We had the anatomy scan last week, at which Sweet Sonographer and Dr. Russian fussed that it was too early to see things well. (At least they didn’t blame me for getting the date wrong, since it was someone at their office who told me to come in that day.) Nevertheless, they eventually saw what they needed to. I am beyond relieved to report that the Bean’s heart has four chambers. A friend had to terminate after that scan because of a heart problem, and she is in our thoughts often. I am further thrilled that the Bean has a spine! My father was born with a slight spine problem that isn’t considered spina bifida but is close enough for my mother to have been fretting about that since the pee dried on the stick. Likewise cheering were the ghostly images of a two-hemisphere brain, a three-vessel cord, and the dark circle of a bladder.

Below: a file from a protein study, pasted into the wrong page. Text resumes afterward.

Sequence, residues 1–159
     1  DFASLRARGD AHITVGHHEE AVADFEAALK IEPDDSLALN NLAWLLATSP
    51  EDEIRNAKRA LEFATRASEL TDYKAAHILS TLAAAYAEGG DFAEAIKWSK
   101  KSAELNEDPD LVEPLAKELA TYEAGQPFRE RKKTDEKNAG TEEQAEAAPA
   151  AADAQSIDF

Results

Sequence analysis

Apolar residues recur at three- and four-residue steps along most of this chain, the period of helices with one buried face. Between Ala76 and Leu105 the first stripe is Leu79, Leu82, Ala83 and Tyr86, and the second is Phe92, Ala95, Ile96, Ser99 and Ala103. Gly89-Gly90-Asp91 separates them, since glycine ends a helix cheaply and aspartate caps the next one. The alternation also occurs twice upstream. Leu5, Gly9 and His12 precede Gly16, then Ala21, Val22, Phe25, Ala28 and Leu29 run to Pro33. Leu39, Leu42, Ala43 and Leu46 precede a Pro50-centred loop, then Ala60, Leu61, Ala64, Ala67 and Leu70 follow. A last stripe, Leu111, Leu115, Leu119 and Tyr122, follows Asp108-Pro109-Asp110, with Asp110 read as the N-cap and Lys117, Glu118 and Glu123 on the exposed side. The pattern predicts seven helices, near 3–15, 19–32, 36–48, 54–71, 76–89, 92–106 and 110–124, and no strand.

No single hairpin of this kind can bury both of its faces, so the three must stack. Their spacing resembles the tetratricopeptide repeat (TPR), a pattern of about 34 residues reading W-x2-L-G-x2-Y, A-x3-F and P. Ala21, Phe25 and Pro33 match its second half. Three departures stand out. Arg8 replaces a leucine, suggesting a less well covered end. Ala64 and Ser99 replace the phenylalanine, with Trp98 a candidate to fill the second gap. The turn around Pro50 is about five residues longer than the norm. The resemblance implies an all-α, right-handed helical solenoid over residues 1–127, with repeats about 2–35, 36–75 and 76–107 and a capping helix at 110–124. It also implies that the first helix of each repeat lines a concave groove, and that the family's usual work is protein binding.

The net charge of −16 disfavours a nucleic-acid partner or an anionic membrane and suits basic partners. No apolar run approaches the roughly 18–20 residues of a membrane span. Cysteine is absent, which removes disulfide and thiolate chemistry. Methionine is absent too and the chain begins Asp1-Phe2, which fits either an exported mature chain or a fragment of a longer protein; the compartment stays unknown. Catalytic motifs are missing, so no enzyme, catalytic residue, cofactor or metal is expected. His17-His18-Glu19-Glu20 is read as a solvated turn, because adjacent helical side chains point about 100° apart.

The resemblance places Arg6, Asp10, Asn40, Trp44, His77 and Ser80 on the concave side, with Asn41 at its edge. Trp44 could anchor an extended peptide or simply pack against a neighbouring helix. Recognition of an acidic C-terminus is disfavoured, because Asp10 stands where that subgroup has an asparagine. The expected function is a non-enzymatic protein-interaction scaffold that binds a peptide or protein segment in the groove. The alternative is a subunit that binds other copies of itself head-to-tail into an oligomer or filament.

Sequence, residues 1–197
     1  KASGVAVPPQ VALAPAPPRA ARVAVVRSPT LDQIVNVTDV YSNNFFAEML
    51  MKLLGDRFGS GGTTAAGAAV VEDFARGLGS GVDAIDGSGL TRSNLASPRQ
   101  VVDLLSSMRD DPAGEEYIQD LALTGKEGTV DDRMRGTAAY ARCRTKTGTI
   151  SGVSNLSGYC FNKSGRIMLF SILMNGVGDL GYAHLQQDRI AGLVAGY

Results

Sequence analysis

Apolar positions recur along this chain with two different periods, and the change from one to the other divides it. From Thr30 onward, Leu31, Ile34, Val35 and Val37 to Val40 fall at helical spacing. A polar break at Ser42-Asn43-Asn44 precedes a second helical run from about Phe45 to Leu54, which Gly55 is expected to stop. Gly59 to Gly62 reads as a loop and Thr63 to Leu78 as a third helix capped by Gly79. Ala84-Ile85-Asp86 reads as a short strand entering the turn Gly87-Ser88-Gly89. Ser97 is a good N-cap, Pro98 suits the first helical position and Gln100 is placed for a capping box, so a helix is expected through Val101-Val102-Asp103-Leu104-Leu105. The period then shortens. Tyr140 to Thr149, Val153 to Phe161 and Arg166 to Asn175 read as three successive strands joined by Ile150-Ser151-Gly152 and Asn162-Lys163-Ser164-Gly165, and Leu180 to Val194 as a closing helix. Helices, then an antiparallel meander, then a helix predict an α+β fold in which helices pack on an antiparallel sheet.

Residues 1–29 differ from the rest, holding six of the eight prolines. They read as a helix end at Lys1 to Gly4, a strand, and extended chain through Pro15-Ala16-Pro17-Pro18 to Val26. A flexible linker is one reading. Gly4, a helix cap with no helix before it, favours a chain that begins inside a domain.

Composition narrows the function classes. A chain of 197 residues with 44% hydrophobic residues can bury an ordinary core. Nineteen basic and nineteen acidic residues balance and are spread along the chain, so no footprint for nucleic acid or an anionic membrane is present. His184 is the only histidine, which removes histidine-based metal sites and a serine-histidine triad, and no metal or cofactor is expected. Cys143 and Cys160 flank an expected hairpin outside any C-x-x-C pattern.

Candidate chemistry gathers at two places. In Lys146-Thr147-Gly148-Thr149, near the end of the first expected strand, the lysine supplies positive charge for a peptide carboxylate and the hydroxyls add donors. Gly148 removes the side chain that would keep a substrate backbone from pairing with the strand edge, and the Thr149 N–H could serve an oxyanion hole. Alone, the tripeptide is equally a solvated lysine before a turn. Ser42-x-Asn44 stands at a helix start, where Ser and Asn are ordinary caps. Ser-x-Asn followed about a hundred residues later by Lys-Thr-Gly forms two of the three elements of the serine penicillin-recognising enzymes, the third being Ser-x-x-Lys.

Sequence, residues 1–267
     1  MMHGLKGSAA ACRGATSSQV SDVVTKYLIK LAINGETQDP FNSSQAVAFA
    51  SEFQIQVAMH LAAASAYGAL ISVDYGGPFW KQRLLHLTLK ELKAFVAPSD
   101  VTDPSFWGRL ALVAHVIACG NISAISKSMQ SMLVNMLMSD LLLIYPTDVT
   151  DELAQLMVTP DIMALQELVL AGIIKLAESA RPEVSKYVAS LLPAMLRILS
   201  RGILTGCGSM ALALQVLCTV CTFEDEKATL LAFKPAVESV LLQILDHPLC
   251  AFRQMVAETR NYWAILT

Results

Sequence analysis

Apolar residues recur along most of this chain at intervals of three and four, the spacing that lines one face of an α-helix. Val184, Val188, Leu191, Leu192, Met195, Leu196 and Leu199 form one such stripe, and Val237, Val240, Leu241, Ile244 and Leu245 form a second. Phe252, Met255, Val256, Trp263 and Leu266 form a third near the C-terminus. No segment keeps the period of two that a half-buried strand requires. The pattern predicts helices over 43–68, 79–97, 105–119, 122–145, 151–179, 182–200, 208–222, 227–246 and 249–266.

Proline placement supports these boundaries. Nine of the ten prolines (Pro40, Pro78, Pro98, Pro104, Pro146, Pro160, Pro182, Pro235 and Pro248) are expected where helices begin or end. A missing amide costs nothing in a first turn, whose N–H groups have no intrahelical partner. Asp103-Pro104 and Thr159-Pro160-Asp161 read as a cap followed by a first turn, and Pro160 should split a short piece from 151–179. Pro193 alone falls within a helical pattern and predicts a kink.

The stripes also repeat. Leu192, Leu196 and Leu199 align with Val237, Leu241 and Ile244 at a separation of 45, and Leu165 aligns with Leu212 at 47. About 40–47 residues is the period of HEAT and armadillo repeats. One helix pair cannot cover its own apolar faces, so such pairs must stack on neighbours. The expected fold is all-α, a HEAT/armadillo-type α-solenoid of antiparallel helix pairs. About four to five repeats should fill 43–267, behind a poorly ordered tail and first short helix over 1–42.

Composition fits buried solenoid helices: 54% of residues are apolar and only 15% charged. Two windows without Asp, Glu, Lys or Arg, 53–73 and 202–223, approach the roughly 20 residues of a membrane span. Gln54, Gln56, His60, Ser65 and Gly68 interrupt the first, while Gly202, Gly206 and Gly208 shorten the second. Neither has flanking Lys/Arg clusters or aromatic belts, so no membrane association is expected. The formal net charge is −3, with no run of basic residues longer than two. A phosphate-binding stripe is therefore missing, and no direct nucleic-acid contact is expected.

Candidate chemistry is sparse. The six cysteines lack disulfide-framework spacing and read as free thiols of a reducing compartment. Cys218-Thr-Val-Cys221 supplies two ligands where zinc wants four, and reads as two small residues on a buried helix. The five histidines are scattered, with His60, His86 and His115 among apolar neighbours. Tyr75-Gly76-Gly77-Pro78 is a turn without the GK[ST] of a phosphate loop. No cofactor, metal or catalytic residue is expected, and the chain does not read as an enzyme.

As before, Sweet Sonographer could find only one cervix, but they were happy enough with it to take me off of incompetent-cervix-watch.
From an “Awwwww!” perspective, some parts of the scan were rather unsettling. We had a brief view of the baby’s face, and boy, do I hope my impression of “terrifying dragon creature” proves to be unfounded. Or at least that it’s a good Dragon-Bean, friendly with the cats and not constantly setting the furniture on fire.
The cutest part was when Sweet Sonographer found the feet. The Bean was wiggling up a storm in there, but keeping its feet neatly together, like so:
19 Weeks -- FEET!
I giggled as the picture was taken, which accounts for the extra toes. I think there are only ten, not multiple rows like shark’s teeth.